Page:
This tartan is a colour modification of MacLean of Duart. Believed for many years to have been recorded in ‘Clans Originaux’ (Paris, 1880) as Murphy and later renamed ‘Tara’ (1967). Later research suggests that none of the tartans included in Clans Originaux are Irish.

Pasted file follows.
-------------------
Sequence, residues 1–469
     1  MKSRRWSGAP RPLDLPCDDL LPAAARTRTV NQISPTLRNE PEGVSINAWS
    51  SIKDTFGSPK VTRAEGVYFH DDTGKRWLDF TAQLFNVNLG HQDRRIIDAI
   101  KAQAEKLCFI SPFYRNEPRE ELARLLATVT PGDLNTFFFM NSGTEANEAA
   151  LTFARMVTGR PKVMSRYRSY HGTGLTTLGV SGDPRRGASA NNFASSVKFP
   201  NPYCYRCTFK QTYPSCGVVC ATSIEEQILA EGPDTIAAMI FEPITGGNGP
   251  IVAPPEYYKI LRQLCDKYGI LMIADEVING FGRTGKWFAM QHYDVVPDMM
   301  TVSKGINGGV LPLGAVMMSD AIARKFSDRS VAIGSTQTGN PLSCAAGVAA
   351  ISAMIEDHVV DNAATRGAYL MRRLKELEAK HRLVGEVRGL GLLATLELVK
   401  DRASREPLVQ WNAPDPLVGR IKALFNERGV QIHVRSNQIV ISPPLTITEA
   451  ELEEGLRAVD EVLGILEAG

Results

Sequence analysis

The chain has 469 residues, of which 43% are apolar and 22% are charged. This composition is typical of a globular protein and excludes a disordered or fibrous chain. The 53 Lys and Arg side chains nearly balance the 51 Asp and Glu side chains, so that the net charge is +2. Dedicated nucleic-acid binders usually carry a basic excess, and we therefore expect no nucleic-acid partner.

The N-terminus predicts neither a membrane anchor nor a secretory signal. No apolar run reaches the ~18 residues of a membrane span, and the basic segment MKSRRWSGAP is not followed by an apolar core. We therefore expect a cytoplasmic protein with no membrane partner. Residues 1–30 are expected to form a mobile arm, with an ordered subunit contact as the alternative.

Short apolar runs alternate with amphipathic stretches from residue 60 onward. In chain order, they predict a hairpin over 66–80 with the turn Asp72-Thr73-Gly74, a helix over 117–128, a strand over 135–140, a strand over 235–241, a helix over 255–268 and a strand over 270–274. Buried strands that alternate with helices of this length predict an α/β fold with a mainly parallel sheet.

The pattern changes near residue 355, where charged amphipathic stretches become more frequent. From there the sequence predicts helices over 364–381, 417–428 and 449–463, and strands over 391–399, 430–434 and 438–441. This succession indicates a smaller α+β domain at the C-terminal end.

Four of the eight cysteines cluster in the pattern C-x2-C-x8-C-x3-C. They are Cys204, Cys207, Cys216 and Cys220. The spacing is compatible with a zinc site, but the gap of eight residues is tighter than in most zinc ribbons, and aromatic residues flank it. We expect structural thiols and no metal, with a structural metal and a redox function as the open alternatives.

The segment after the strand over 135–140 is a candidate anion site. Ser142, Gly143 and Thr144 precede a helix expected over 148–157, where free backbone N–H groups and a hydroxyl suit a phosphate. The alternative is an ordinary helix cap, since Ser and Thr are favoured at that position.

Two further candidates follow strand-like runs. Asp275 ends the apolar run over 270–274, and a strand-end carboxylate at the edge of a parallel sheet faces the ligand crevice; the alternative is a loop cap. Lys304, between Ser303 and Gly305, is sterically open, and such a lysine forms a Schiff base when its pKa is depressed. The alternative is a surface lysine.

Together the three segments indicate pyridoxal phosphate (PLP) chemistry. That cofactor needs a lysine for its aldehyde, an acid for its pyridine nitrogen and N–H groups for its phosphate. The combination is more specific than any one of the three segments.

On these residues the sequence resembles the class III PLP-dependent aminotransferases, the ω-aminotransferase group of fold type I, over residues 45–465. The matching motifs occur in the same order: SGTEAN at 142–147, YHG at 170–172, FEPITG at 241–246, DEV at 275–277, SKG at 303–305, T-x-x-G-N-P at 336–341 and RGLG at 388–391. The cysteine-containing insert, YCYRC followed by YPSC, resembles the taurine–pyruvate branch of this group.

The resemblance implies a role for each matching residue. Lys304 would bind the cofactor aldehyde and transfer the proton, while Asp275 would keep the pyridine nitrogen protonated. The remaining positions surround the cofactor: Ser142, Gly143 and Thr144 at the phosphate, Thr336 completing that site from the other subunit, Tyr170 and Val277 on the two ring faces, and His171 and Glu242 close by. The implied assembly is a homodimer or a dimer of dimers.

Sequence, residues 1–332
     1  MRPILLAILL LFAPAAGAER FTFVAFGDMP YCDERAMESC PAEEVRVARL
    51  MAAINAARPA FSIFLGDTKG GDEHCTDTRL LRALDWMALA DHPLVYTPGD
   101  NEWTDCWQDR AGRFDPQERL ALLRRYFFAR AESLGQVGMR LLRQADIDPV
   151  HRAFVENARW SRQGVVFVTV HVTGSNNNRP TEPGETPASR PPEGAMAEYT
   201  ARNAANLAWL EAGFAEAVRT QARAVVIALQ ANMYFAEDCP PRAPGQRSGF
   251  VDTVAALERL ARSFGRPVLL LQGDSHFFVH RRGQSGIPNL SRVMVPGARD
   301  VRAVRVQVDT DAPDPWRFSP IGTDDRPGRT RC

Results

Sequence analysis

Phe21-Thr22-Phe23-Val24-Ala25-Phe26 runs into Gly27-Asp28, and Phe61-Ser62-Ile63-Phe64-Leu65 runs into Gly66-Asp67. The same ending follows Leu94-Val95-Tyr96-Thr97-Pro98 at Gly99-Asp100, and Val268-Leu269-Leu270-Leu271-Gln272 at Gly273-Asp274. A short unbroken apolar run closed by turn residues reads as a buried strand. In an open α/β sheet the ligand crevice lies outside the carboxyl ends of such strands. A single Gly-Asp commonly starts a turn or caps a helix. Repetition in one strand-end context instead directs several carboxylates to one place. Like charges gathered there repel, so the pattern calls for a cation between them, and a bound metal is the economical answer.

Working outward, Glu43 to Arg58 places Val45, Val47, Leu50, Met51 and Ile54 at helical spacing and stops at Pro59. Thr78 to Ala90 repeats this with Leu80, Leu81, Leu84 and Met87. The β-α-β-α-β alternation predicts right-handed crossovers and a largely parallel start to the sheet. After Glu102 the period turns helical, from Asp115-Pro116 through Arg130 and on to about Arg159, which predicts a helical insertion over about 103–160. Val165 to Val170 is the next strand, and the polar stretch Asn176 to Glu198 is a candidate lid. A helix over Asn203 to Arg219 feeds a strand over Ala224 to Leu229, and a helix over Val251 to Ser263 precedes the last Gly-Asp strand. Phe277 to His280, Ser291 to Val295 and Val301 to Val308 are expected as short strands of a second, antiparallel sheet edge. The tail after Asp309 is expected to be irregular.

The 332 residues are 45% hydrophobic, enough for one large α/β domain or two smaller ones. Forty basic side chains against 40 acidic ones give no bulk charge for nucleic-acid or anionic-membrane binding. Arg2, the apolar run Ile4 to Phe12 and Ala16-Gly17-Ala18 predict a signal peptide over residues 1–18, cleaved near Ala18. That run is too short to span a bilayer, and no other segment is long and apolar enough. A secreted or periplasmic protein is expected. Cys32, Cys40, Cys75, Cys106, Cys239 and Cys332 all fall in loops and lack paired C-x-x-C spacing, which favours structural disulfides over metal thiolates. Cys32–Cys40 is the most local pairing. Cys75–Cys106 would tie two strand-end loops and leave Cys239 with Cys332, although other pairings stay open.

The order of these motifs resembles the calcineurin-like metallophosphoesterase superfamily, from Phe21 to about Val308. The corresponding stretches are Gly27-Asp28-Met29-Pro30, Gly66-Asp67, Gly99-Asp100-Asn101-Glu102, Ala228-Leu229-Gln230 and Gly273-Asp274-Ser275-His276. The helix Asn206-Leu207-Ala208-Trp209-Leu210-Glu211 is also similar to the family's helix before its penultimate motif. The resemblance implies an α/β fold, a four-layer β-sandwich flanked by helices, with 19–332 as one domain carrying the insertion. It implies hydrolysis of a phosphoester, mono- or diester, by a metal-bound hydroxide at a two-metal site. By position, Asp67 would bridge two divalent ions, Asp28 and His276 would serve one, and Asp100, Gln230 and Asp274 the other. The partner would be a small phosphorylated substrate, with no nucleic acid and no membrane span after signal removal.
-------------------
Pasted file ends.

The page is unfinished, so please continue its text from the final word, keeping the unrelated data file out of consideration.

THE MacGillivrays are Celts. They are descended from a warrior named Gillivray, who had his stronghold at Dunmaglass, and who, about the thirteenth century acknowledged himself and his posterity a branch of Clan Chattan under the 5th Mackintosh. The MacGillivrays of Mull and Morven have been said to be a branch of Dunmaglass. In 1579 mention is made of Archibald MacIlvoray in a case between the Laird of Luss and others. The Rev. Martin McGillivray, living in Mull about 1640, carried a claymore, and told Maclaine of Lochbuie that he would use it if he did not pay him his stipend. The MacGillivrays fought for the Old Chevalier at Sheriffmuir in 1715. When Mackintosh refused to lead his clan, which Lady Mackintosh had raised for Prince Charlie, MacGillivray of Dunmaglass took command. He fought like a lion at Culloden, and fell, wounded, in front of Cumberland’s 4th Regiment. He was alive next day, and was, by Cumberland’s orders, brutally murdered. The Clan Aonghais (Macinnes) formerly wore MacGillivray tartan.